From what I’ve read, Native American tribes, more often than not, valued disabled people as white people did not. Unfortunately, the white people who came and colonized this land I now call home often saw disability as a curse from their god, and valued productivity over anything else. They were, as every generation has before them, attempting to survive in a world that usually required quite a lot of hard work to do so, and therefore, hard workers were valued. I might work hard at my life, but I don’t work hard at an actual job for a living, and so I get judged through a Puritanical lens that most white people don’t even know they are seeing through.
For most of my life, I truly thought that if I just worked harder, just changed my attitude, just smiled more, then my big dream of an office job in my field would come true. My learning disabilities and my lack of phone skills wouldn’t matter. I would have business cards with an organization’s logo on them just like my siblings do. I would have a name plate with my name, be listed in the company directory, have my smiling face on an ID card that I’d wear on a lanyard around my neck. I would have an office where I could put up a few photos and tchotkes that are important to me.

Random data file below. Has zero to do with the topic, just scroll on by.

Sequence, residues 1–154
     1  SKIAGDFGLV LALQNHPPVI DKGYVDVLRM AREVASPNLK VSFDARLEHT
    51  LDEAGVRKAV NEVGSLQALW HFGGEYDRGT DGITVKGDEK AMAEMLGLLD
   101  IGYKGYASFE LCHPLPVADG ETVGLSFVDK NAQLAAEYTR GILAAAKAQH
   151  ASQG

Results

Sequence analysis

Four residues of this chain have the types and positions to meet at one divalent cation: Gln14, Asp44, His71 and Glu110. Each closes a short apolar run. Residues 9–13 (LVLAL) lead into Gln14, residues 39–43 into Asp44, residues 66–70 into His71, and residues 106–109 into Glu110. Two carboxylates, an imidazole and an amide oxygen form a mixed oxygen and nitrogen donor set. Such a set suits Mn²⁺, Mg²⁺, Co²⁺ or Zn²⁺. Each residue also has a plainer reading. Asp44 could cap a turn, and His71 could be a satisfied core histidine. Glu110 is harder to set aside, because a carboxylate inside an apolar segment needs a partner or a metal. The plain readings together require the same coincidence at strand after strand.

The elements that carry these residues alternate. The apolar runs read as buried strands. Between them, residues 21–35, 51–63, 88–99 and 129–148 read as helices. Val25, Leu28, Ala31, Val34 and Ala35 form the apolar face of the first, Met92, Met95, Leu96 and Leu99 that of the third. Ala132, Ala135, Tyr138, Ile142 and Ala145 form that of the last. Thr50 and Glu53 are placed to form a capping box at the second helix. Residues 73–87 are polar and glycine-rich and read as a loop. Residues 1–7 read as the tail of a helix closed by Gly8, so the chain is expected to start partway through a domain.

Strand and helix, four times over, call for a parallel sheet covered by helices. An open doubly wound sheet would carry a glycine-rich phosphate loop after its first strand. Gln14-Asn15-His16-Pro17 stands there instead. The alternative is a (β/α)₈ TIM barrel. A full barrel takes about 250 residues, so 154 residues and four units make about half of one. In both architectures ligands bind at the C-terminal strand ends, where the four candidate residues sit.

I know, intellectually, that these physical representations of productivity don’t actually mean anything. I know that there are plenty of people who will never get any of those things and that they are just as valuable as I am. But I also know that some part of me will never stop longing for them.
I’ve heard many people say how much they despise their work. I’ve heard many say how they wish they could just quit, but they can’t, because of the benefits and the salary, because of their need to maintain their current lifestyle. I wonder if any of those people know how much I would absolutely (but not literally) kill for a job like theirs. I wonder if any of them ever pause in the middle of a long, boring task and think ‘damn, I’m lucky. I get to have lunch in a cafeteria today’ or ‘I have my own mug in this office’.